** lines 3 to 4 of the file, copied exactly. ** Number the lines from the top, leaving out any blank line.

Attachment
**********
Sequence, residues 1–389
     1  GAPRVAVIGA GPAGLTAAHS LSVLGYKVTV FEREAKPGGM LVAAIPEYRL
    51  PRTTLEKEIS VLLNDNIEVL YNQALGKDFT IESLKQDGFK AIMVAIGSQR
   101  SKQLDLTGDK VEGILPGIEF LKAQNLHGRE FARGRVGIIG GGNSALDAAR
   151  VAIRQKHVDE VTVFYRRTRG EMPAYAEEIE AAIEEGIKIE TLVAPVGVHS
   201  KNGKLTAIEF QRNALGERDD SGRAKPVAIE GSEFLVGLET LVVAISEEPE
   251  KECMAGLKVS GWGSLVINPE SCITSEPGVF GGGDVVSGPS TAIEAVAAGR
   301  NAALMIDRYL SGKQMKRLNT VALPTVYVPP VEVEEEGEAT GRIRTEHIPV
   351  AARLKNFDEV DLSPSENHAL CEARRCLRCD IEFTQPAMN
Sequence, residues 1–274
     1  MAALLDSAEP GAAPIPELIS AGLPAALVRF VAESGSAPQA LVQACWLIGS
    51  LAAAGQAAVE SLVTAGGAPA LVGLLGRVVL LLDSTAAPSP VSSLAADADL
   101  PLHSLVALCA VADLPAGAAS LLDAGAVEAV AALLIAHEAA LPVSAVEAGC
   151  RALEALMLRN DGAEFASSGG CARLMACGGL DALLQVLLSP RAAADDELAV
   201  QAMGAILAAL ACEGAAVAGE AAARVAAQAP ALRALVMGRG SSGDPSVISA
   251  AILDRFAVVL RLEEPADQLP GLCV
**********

    51  PRTTLEKEIS VLLNDNIEVL YNQALGKDFT IESLKQDGFK AIMVAIGSQR
   101  SKQLDLTGDK VEGILPGIEF LKAQNLHGRE FARGRVGIIG GGNSALDAAR